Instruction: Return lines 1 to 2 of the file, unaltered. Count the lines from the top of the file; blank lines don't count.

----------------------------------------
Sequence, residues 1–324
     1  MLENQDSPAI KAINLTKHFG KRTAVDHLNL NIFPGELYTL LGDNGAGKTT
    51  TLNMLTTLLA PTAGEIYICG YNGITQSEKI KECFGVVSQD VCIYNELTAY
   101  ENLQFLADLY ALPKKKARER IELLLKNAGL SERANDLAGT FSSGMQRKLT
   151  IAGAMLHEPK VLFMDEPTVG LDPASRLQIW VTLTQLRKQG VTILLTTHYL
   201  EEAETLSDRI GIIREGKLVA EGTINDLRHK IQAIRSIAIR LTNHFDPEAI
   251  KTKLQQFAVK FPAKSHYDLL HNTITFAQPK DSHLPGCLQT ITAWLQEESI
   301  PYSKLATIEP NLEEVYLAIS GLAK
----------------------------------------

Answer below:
Sequence, residues 1–324
     1  MLENQDSPAI KAINLTKHFG KRTAVDHLNL NIFPGELYTL LGDNGAGKTT